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Staying Healthy in the Digital Age: Office Edition

Hi folks! For those who haven’t met me, I’m Kate. I do a bunch of behind-the-scenes stuff over here at Joyous Health. Joy’s referred to me as the resident n
Aug 16, 2015 | Kate McDonald Walker

Hi folks! For those who haven’t met me, I’m Kate. I do a bunch of behind-the-scenes stuff over here at Joyous Health. Joy’s referred to me as the resident nutrition nerd, but the truth is, I’m just a nerd in general. Being a nerd comes with certain stereotypes to which I happily adhere: I play videogames; my day job is all about computers; and I consume huge amounts of media. That adds up to a lot of screen time. Balancing my health nerdiness with my general nerdiness has been challenging, since computers and health don’t naturally go hand in hand.

So in this series, I’m tackling how to balance your health with our tech-loving, hyperconnected world. This week, I’m taking a look at the office.

According to the U.S. Bureau of Labor Statistics, over 50% of jobs today require some level of technology skills, and that number is expected to go up to 77% over the next decade. These days, screen time is pretty much unavoidable for many of us.


At this point, we’ve probably all heard the phrase “sitting is the new smoking.” You’ve probably also heard how screen time can damage developing brains. And all this is true. We weren’t designed to sit in front of computers for eight (or more) hours a day. But as much as we might like to sometimes, we can’t just declare that our work computers are bad for our health and refuse to use them anymore. We can, however, change the way we use them.

There are times when computers are necessary, and there are times when we just use them out of convenience and habit. Take note-taking for example: there is no need to take notes on your computer, you’re probably just doing it because you’ve already got it out or because you type faster than you write and you think that will help you take better notes.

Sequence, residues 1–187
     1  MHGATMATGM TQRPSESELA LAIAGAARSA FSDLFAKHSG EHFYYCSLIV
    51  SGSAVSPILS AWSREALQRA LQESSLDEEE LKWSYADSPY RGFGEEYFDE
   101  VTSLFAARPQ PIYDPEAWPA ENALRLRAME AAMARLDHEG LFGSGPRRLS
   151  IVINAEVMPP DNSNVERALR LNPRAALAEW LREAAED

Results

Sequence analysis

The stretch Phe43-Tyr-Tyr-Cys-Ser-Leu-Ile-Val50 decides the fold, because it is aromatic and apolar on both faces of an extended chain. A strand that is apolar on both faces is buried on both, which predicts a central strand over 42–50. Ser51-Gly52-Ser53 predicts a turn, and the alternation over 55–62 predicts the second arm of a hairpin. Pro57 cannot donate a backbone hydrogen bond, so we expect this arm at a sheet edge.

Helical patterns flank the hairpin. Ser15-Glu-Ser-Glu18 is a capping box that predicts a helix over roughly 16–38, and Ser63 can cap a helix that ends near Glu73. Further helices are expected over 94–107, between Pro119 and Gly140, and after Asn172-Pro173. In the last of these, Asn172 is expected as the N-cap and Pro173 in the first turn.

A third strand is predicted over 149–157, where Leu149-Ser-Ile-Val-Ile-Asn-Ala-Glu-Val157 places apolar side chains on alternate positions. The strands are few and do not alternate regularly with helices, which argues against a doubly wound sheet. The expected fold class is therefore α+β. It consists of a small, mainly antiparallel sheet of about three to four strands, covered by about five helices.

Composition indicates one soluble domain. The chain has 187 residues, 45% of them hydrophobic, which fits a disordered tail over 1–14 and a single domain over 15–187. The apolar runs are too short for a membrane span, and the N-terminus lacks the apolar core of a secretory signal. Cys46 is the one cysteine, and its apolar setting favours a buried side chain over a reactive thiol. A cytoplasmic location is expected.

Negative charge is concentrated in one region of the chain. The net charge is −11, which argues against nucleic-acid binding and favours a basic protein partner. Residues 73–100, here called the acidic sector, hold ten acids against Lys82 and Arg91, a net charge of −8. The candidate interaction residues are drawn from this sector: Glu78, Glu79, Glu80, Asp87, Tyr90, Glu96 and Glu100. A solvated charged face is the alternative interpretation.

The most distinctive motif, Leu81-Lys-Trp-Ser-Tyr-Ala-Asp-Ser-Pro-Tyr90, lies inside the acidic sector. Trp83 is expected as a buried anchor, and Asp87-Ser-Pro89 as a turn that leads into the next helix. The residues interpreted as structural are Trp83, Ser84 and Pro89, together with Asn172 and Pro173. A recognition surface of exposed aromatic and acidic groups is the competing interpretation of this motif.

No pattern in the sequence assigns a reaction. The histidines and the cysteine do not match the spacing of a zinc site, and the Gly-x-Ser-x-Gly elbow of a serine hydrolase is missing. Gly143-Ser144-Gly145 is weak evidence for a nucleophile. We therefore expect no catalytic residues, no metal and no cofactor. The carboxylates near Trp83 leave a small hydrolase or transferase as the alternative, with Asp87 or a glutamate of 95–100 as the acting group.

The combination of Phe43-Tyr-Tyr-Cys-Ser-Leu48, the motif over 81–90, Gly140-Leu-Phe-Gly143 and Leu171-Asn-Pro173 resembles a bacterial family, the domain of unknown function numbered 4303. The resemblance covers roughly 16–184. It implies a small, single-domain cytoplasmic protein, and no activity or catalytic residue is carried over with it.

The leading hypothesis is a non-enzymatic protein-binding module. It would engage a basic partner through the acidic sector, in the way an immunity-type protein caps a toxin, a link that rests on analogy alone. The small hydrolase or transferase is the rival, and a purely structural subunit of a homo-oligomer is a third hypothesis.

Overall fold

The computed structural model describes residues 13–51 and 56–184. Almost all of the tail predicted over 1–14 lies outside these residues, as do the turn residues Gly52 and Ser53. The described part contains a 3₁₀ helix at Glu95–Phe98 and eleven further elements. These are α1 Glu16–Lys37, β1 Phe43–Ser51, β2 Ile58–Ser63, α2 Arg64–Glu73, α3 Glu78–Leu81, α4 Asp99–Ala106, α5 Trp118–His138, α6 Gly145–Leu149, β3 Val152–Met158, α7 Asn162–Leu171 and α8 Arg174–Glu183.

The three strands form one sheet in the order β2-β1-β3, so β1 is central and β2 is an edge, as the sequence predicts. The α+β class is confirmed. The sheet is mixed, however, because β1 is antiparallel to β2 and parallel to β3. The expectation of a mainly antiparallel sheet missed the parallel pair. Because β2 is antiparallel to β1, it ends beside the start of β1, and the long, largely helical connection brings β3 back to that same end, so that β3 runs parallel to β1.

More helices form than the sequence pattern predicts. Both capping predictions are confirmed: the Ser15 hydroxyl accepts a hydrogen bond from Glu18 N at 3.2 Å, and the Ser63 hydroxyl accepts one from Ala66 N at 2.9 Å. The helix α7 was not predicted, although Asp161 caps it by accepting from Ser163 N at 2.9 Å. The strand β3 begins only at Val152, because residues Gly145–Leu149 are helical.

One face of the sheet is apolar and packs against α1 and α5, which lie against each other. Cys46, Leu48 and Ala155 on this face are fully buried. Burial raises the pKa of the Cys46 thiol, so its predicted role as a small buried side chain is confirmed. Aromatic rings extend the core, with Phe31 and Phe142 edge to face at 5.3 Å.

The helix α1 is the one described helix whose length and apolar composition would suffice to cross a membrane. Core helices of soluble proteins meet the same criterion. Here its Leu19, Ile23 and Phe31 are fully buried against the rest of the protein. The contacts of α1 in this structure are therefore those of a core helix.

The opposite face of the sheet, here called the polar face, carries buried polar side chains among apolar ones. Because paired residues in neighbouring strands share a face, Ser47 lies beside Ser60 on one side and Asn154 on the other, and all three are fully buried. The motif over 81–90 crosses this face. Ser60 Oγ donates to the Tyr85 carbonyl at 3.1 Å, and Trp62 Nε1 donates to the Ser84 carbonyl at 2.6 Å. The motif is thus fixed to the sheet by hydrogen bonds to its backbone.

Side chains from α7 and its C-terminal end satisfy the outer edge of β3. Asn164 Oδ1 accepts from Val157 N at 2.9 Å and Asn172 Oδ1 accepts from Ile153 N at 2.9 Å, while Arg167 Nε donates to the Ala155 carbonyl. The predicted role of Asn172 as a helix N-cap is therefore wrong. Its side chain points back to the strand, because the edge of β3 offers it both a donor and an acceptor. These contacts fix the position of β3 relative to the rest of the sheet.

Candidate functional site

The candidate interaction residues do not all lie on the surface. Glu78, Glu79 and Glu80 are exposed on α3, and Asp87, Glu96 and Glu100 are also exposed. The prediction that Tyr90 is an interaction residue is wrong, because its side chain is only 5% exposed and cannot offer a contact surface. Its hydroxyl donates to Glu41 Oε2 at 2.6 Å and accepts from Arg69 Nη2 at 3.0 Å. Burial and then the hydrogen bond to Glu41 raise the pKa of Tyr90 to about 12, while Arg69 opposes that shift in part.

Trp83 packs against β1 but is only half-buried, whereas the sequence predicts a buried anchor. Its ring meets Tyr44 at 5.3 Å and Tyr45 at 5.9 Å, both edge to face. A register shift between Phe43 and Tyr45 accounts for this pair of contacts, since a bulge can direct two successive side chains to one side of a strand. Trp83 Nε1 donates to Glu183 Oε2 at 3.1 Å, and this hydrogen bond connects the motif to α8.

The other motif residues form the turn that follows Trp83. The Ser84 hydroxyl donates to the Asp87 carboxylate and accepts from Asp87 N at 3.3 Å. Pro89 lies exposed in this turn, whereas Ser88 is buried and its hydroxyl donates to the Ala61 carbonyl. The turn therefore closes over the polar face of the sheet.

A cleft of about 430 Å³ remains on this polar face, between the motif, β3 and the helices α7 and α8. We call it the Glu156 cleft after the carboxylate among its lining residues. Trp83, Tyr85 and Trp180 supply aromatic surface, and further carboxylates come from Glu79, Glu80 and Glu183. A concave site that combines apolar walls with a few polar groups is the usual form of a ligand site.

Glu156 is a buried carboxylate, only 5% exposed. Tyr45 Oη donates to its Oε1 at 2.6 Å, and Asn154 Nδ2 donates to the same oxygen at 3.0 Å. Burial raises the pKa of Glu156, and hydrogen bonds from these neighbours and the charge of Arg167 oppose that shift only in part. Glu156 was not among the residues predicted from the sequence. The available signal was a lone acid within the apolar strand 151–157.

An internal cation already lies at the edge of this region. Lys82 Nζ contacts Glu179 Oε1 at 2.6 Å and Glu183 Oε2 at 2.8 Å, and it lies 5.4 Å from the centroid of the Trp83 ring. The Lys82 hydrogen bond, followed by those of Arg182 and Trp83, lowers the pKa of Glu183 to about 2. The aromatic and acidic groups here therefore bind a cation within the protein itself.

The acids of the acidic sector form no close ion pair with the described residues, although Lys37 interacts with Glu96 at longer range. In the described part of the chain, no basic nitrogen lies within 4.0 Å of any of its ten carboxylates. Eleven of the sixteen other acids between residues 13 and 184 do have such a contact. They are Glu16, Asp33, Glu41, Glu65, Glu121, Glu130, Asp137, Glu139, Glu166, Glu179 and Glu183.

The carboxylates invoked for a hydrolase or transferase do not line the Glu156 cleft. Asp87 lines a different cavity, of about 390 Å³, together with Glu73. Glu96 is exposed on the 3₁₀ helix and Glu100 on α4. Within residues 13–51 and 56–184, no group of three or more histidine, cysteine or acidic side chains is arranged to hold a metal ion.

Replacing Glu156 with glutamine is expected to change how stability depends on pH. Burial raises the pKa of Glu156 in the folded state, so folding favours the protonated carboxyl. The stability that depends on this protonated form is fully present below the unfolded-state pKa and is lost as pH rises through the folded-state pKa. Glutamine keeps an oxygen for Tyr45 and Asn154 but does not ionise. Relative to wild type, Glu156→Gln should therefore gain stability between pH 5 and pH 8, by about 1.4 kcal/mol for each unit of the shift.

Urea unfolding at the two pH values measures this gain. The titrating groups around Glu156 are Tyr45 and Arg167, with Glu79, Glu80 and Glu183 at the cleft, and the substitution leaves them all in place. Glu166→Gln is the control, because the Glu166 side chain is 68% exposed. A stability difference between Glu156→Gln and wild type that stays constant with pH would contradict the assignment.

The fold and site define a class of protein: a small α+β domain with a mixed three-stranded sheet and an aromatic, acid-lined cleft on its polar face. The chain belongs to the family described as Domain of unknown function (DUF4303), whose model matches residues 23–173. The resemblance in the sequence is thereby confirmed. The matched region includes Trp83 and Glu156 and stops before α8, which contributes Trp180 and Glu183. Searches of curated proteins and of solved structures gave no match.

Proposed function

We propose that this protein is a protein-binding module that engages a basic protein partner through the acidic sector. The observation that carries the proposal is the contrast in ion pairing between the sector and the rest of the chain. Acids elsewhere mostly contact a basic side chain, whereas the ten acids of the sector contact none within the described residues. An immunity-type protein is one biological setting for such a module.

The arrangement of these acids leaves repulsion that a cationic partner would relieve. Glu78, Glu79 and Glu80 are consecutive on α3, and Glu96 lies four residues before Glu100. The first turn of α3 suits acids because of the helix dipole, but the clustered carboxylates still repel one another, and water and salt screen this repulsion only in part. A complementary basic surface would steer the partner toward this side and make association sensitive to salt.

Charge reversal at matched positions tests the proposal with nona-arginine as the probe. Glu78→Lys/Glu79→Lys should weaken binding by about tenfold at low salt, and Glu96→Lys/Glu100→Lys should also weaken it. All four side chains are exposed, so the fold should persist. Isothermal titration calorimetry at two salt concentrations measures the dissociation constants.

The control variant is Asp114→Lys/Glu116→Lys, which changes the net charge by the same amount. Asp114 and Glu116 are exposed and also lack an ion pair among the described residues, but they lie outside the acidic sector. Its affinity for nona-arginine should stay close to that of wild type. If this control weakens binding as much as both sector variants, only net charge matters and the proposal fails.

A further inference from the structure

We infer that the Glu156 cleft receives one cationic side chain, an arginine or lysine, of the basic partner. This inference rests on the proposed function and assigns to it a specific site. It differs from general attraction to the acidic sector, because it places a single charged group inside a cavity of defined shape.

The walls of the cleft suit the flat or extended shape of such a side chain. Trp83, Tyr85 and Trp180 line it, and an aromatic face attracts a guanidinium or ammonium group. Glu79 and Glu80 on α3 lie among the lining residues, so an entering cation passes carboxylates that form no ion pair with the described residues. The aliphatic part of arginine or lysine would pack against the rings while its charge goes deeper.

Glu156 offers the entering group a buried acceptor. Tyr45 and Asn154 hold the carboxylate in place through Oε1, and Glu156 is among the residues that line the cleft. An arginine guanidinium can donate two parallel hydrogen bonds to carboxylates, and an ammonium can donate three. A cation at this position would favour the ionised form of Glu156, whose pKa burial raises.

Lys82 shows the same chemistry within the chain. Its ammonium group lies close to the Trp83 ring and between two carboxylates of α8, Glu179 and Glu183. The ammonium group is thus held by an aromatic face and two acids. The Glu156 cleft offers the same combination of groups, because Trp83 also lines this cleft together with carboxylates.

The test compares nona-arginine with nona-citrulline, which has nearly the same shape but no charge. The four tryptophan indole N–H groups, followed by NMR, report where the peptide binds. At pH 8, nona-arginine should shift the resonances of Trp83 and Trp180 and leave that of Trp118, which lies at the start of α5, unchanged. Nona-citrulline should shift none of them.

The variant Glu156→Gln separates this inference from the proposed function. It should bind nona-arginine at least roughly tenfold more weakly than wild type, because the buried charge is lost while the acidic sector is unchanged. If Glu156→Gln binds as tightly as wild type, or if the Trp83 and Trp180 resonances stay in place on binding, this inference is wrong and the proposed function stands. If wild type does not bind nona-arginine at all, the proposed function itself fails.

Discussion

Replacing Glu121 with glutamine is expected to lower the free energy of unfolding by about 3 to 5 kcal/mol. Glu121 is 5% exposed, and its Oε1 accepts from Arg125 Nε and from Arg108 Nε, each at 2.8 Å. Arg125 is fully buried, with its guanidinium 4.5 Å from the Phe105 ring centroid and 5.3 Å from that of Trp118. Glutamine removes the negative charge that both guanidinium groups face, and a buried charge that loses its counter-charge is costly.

Actually, studies show that while you may take more notes if you use a laptop, you’ll take better notes and retain more information if you write things out longhand. It’s also a great excuse to buy fancy stationary (a particular weakness of mine). When I edit things, like drafts of Joy’s upcoming Joyous Detox book, I print it out (double-sided, to save paper) and edit with a good old-fashioned red pen. Then I put the changes into the electronic document. This way, not only do I spend less time in front of my laptop, but I also find it helps me slow down and catch things I might miss working with a screen and keyboard.


Sadly, there’s only so much we can do about screen time at the office if we want to keep our jobs. However, we have more control over what we’re doing with our bodies while we look at that screen.

Specifically, it’s time for workers everywhere to stand up for their health. You can have the fanciest, most ergonomically advanced office chair in the world, but at the end of the day, the brutal combo of office chair, desk and computer is doing a real number on your spine and puts you at higher risk for heart disease, diabetes and some forms of cancer. Spending some time working at a standing desk can be a real boon to your health. And if you’re worried that your workplace won’t be willing to splurge on a fancy standing desk, you needn’t be. There are plenty of affordable options to adapt your current desk or you can go DIY and try out the fine art of the standing desk hack. (I cannot believe I just linked to a Cosmopolitan article, but that ironing board desk is genius.)

For the laptop users out there, laptop ergonomics is an oxymoron. When it comes to maintain healthy posture while working, laptops are the worst. Invest in your health by investing in a separate keyboard and mouse, and elevate the laptop’s screen to eye level. Using your laptop from your lap should be a very occasional occurrence. (Full disclosure: I am writing this blog post with my MacBook Pro on my lap. Mea culpa.)

My final suggestion takes us into the conference room, where I’m taking on both the chairs and the screen and saying we should get rid of both whenever possible. I cannot tell you how many darkened boardrooms I’ve sat in, slumped in an oversized office chair while staring at a PowerPoint presentation and absorbing very little of it. I’m not alone in my disdain for the Microsoft program that has practically become synonymous with “presentation.” Many people have written about how PowerPoint kills meetings. So let’s take a walk! “Fresh air breeds fresh thinking,” as Nilofer Merchant puts it in her brief but fantastic 2013 TED Talk. So ditch the PowerPoint, the chair and the whole office and try taking your next meeting to go.

Aug 16, 2015 BY Kate McDonald Walker
Sandy   •   August 18, 2015

I now have a sit stand desk at work and spend about 70% of my time working standing up. The sit stand desk was needed to help me work while dealing with a very painful back issue. I absolutely love working this way and can't see myself going back to a regular desk. I am more alert and focused when I work standing up. Definitely worth the investment.

Kate McDonald Walker   •   August 19, 2015

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